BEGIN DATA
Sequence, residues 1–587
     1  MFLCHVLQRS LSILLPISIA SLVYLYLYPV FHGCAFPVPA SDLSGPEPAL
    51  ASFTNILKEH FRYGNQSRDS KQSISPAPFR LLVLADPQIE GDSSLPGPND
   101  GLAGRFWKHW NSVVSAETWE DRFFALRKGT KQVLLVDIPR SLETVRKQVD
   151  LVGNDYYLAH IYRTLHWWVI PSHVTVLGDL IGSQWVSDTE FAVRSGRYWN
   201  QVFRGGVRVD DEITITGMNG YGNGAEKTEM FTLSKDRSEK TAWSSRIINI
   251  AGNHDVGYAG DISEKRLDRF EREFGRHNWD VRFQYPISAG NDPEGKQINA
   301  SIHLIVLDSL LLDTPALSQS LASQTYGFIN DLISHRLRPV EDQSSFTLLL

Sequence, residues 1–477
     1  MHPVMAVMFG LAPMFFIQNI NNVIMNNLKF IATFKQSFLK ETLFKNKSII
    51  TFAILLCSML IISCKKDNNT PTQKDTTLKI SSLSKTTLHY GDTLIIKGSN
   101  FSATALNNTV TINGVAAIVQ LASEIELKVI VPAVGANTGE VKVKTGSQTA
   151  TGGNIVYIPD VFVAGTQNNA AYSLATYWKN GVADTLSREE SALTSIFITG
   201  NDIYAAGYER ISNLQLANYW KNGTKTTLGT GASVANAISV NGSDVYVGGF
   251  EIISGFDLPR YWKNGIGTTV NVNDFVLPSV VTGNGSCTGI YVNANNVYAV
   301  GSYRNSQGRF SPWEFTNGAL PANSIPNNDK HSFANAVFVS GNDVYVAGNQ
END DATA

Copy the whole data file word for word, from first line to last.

Sequence, residues 1–587
     1  MFLCHVLQRS LSILLPISIA SLVYLYLYPV FHGCAFPVPA SDLSGPEPAL
    51  ASFTNILKEH FRYGNQSRDS KQSISPAPFR LLVLADPQIE GDSSLPGPND
   101  GLAGRFWKHW NSVVSAETWE DRFFALRKGT KQVLLVDIPR SLETVRKQVD
   151  LVGNDYYLAH IYRTLHWWVI PSHVTVLGDL IGSQWVSDTE FAVRSGRYWN
   201  QVFRGGVRVD DEITITGMNG YGNGAEKTEM FTLSKDRSEK TAWSSRIINI
   251  AGNHDVGYAG DISEKRLDRF EREFGRHNWD VRFQYPISAG NDPEGKQINA
   301  SIHLIVLDSL LLDTPALSQS LASQTYGFIN DLISHRLRPV EDQSSFTLLL

Sequence, residues 1–477
     1  MHPVMAVMFG LAPMFFIQNI NNVIMNNLKF IATFKQSFLK ETLFKNKSII
    51  TFAILLCSML IISCKKDNNT PTQKDTTLKI SSLSKTTLHY GDTLIIKGSN
   101  FSATALNNTV TINGVAAIVQ LASEIELKVI VPAVGANTGE VKVKTGSQTA
   151  TGGNIVYIPD VFVAGTQNNA AYSLATYWKN GVADTLSREE SALTSIFITG
   201  NDIYAAGYER ISNLQLANYW KNGTKTTLGT GASVANAISV NGSDVYVGGF
   251  EIISGFDLPR YWKNGIGTTV NVNDFVLPSV VTGNGSCTGI YVNANNVYAV
   301  GSYRNSQGRF SPWEFTNGAL PANSIPNNDK HSFANAVFVS GNDVYVAGNQ